So with that said, can you think of a better place to celebrate April 1st and get inspired for a little tomfoolery yourself than the public library?

If you're in the mood, check out some of these great pranks and pranksters you can find at DPL:

James Beard Foundation Award Finalists Announced

Ripe

Whether you love discovering new recipes or just want to drool over the beautiful photographs, you'll want to check out the James Beard Award finalists for excellence in cookbooks and food writing.

American Cooking:

Fire in My Belly, Kevin Gillespie & David Joachim

Mastering the Art of Southern Cooking, Nathalie Dupree & Cynthia Graubart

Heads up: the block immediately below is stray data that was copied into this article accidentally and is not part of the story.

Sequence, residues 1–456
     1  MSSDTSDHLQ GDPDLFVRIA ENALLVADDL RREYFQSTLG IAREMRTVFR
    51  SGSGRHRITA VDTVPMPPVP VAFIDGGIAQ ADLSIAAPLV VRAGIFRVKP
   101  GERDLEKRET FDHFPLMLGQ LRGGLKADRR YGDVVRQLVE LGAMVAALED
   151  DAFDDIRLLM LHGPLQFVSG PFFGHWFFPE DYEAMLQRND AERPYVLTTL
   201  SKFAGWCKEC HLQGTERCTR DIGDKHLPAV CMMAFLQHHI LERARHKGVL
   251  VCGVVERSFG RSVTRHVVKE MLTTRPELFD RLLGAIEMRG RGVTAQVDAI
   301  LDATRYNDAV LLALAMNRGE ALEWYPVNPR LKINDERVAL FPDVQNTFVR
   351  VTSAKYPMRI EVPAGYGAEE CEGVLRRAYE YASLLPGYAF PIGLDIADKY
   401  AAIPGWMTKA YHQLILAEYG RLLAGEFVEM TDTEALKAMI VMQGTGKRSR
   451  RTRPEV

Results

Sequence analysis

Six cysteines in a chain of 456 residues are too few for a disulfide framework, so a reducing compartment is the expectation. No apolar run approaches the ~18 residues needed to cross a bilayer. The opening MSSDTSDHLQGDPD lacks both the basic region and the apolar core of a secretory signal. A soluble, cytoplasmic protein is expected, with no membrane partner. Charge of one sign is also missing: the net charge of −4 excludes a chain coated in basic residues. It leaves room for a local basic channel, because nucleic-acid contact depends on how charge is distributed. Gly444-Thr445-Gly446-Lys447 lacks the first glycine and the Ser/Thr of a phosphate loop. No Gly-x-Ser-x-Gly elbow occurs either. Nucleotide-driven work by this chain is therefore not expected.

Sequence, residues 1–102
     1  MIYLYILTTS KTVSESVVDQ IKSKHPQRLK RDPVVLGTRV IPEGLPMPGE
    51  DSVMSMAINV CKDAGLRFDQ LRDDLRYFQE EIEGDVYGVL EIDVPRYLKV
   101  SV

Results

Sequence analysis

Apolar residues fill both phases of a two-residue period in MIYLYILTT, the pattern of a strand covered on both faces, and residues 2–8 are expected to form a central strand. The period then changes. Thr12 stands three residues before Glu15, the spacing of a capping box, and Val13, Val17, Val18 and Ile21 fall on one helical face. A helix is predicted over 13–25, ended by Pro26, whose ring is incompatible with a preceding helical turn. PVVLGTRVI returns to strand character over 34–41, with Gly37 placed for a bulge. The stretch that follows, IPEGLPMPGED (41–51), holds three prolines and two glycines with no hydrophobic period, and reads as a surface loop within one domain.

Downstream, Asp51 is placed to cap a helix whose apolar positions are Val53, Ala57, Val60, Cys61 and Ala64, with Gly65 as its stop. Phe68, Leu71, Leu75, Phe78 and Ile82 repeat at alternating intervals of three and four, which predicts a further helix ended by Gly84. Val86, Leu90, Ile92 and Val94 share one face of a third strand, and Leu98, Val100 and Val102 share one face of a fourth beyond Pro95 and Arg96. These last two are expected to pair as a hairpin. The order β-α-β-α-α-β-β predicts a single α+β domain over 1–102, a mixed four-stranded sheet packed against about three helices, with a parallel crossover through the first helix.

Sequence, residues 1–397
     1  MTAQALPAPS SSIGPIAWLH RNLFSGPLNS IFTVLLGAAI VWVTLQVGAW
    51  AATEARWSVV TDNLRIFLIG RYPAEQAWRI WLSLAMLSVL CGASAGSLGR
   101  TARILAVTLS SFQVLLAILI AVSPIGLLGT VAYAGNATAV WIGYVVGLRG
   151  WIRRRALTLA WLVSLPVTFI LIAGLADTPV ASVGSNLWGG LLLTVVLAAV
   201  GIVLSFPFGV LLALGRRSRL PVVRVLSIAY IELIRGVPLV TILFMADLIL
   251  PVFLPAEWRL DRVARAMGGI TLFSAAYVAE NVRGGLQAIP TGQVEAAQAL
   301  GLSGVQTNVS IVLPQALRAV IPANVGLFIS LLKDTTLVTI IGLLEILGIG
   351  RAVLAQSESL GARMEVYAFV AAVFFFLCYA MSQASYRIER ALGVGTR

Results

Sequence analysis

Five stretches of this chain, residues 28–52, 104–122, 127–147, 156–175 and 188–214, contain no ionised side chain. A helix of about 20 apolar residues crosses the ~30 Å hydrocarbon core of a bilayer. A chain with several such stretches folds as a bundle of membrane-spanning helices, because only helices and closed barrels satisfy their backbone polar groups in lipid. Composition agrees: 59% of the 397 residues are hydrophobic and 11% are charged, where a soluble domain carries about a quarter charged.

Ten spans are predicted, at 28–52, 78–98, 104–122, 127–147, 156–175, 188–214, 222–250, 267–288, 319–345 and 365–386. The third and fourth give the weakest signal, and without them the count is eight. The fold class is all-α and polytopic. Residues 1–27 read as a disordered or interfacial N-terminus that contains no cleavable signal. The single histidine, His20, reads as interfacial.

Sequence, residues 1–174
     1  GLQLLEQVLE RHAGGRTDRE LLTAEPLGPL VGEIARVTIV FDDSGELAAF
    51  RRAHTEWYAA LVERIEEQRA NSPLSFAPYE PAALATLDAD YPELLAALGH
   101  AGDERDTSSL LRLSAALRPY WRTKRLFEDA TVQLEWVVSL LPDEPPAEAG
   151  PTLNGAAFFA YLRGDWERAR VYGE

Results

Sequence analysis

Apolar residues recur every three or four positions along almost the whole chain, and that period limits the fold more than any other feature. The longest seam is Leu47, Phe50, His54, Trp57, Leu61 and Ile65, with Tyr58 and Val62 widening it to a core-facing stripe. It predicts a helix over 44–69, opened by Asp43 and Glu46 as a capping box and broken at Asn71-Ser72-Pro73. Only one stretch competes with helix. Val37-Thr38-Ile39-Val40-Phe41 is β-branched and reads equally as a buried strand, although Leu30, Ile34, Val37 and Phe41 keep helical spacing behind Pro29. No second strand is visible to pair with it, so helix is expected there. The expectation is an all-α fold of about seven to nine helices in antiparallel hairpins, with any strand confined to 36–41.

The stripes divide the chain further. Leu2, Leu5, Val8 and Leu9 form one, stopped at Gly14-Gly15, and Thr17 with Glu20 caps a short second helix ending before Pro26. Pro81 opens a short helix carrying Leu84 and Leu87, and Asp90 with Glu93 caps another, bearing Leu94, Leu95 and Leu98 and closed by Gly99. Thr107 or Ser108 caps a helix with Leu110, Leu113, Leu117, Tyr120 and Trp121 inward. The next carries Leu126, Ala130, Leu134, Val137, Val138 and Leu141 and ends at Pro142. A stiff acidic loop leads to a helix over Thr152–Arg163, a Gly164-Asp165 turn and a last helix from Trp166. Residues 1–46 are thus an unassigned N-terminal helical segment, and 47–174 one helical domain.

Southern Comfort, Allison Vines-Rushing & Slade Rushing

Beverage:

How to Love Wine, Eric Asimov

Inventing Wine, Paul Lukacs

The(Probably) Awesome book club is indeed AWESOME!

these people had no problem getting out. just sayin'

We had our first meeting on Saturday (where were you?! It was only like 7 inches of snow!) and I think I can officially say that the (probably) can be changed to CAPS LOCK AWESOME! We talked about what kinds of books we like and everyone had read something that no one else had, which was super cool.

Our next meeting is Saturday, April 20 from 10-11:30 a.m. in the Burnham Hoyt book club room at the Central Library. We’re reading Glow by Amy Ryan. If you want to join us, read the book and come hang out. We’ll have coffee and donuts. If you don’t get a chance to read the book in time but want to join the book club, come by anyway. We’ll be picking books for the next sessions plus talking about the book we read. I’m pretty sure no one bites.